Arc Flash & Electrical Safety News

Blog Author Steve Hudgik

Wednesday, December 19, 2007

Isolating the Risk of Catastrophic Arc Flash Explosions

Betty Jackson, of Hoffman, has publish a white paper titled "Isolating the Risk of Catastrophic Arc Flash Explosions" that is available online. This paper makes that point that arc flash incidents will happen and that a solution is the Hoffman SEQUESTRâ„¢ External Disconnect Enclosure.

The paper begins by providing an overview of arc flash, its causes and the damage that can result. It gives this summary of arc flash hazards:

"According to NFPA 70E Standard for Electrical Safety in the Workplace, 2004 Edition, pages 12 and 28, the two most important numbers to remember are 1.2 and 40. Incident energy levels greater than 1.2 calories per centimeter-squared can produce second degree burns. The NFPA 70E requires that workers wear personal protective equipment (PPE) when working with 50 volts or more. Arc flash levels above 40 calories per centimeter squared can be fatal and usually result in a massive pressurized blast with sound pressure waves and projectiles. The PPE is available for exposures up to 100 calories per centimeter-squared; however, the force from the pressurized blast can be fatal regardless of the PPE."

The white paper then goes on to point out that in spite of best efforts, because of the large number of variables--some of which may be unknown--the true extent of the arc flash hazard can never be known. In addition, the paper points out something I know to be true from personal experience:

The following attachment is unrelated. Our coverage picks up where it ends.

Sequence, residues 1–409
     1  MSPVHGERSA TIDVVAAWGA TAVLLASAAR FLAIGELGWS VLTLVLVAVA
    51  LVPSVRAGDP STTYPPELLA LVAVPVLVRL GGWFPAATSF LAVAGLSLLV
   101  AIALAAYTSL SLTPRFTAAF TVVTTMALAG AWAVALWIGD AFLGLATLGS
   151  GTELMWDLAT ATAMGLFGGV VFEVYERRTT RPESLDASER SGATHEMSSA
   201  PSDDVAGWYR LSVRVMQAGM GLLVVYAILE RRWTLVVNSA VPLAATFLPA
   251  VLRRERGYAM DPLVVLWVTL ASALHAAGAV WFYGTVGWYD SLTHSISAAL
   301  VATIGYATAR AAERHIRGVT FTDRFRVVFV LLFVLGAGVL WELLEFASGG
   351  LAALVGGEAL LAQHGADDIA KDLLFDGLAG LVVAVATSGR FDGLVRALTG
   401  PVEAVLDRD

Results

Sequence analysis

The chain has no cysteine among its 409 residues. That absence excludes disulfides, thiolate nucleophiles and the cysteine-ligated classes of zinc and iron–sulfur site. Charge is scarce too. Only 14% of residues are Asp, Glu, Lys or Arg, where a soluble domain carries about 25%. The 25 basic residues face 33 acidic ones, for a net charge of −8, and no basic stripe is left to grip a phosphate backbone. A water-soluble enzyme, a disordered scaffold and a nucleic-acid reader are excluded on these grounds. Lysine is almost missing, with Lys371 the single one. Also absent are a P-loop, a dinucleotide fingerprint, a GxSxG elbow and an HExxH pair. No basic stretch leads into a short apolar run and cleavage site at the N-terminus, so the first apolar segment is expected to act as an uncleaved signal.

"During private discussions, electrical engineers have revealed that, despite their compliance training, they sometimes skirt the PPE rules because the bulky, fire retardant suit, gloves, face shield/goggles and other gear is hot, uncomfortable and makes service and maintenance time-consuming and cumbersome."

The second half of the white paper dicusses the SEQUESTRâ„¢ External Disconnect Enclosure.

"The SEQUESTRâ„¢ External Disconnect Enclosure attaches to the side of a main control enclosure and houses only the disconnect switch or circuit breaker, physically removing it from the main enclosure."

"Live power is no longer present in the main control enclosure when power is turned off at the disconnect switch. It completely shuts down the power in the main cabinet, and there is no hazard of power coming into the box. Its system also interlocks the doors of the main control cabinet when the disconnect switch is powered on. This allows users to comply with the disconnect door interlocking requirements of UL 508A, NFPA79, IEC 60204, and HS 1738, the most common electrical standards for industrial machinery."


Use the link above to read the entire white paper.

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